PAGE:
The MESM-6 project is focused on bringing the 1960s Soviet BESM-6 computer to the modern age of FPGAs and HDLs. At the moment the team behind this preservation effort consists out of [Evgeniy Khaluev], [Serge Vakulenko] and [Leo Broukhis], who are covering the efforts on the Russian-language project page.
The BESM-6 (in Russian: БЭСМ-6, ‘Bolshaya Elektronno-Schetnaya Mashina’ or ‘large electronic computing machine’) was a highly performing Soviet super computer that was first launched in 1968 and in production for the next 19 years. Its system clock ran at 9 MHz using an astounding number of discrete components, like 60,000 transistors and 170,000 diodes, capable of addressing 192 kB of memory in total. Of the 355 built, a few survive to this day, with one on display at the London Science Museum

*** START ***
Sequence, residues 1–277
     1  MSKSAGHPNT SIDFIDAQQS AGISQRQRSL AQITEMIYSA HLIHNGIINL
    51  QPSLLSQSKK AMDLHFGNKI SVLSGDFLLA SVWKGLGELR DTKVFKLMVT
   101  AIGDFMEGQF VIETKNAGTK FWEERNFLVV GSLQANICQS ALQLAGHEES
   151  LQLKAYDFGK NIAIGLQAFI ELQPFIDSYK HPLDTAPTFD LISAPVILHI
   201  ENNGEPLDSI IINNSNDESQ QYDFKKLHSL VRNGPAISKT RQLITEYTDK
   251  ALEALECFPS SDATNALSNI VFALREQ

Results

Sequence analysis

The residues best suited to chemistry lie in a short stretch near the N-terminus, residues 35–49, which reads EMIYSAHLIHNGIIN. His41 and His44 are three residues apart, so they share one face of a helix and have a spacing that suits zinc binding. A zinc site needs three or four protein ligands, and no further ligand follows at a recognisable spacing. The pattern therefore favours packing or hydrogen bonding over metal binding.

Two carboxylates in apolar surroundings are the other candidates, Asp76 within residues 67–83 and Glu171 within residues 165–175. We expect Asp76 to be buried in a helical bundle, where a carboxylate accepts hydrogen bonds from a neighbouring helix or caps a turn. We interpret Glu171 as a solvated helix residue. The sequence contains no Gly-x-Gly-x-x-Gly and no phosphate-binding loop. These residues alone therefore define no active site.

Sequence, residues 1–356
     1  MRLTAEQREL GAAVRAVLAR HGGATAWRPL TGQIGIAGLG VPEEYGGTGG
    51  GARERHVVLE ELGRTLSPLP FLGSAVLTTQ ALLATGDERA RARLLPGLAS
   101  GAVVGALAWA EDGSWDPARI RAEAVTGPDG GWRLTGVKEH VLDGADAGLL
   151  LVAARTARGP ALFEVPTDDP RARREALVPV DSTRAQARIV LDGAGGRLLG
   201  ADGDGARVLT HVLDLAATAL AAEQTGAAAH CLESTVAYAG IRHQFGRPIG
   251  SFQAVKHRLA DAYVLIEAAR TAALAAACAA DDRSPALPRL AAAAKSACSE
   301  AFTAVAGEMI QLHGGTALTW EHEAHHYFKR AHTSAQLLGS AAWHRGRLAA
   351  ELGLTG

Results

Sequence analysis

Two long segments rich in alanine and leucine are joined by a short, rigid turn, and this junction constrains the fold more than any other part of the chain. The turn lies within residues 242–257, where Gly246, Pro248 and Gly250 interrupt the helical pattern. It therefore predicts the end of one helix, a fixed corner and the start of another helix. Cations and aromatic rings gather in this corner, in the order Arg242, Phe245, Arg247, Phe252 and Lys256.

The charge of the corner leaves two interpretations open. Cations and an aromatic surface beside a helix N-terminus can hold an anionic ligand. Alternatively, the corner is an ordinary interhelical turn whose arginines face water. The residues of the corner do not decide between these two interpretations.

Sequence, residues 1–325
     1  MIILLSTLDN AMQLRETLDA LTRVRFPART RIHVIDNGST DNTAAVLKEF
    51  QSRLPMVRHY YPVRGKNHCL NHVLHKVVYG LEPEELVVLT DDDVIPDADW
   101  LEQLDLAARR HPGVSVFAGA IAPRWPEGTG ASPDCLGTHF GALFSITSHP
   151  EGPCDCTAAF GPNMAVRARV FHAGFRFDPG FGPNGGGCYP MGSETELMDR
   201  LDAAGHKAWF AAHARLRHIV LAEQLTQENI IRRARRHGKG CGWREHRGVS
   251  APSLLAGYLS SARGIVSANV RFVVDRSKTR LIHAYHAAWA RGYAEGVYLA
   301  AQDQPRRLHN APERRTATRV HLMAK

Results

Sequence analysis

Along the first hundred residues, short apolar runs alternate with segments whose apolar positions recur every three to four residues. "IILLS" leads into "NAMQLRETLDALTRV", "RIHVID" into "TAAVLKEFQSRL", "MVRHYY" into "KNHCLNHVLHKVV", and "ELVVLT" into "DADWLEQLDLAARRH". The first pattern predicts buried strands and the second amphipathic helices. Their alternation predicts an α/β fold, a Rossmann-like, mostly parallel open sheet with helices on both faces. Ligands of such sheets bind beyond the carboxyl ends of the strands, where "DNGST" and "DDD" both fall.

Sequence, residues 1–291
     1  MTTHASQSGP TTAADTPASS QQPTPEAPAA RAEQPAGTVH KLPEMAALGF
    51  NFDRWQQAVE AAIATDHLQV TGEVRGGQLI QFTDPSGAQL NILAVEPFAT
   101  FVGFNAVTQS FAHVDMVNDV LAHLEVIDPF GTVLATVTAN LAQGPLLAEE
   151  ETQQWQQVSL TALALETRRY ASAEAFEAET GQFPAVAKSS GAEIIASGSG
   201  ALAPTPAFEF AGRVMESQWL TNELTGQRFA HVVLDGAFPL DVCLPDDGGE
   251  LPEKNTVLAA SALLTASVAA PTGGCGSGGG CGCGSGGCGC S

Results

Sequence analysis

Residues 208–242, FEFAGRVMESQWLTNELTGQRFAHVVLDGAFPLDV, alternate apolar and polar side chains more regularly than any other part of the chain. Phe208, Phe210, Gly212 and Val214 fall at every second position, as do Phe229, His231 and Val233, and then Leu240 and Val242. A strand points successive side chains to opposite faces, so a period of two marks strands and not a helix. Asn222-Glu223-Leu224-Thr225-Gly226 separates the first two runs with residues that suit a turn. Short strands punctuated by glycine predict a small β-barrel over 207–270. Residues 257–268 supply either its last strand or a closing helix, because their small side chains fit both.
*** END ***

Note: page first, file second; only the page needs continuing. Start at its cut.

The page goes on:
Great machine and an interesting project! An unusual architecture: 48 bit data, but just 16 bit addressing, separate data and instruction spaces, instructions are 24 bits packed two to a word, and you can only branch to word boundaries.
As noted in the Hackaday comments, 9MHz is pretty fast for 1968: apparently delivering about 1 MIPS performance.
There’s a “fan page” mentioned in the comments, with lots of info about the BESM-6 including an in-browser emulator:
… with a number of demo programs including a Hello World;
Video of perhaps the last BESM-6 to run, running a test in a museum:
Passing the BESM-6 test (entry 2008).
Museum BESM-6 in action
Fragment of passing a comprehensive test of testing the operation of the main BESM-6 devices.
The fan page also links to the great story of London’s Science Museum’s purchase of a BESM-6. (Link was dead, so that’s an archive link.)
Nice photo in there too, by T.F.Sapozhnikova, JINR, Dubna.
This is a table-top reimplementation of BESM-6 as a project in the Joint Institute of Nuclear Research in Dubna, Russia.
At the console: I.A.Emelin, the head of the BESM-6 engineering group; a real BESM-6 is in the background.
The picture was taken in spring 1992; several days later the old BESM-6 had been turned off and dismantled.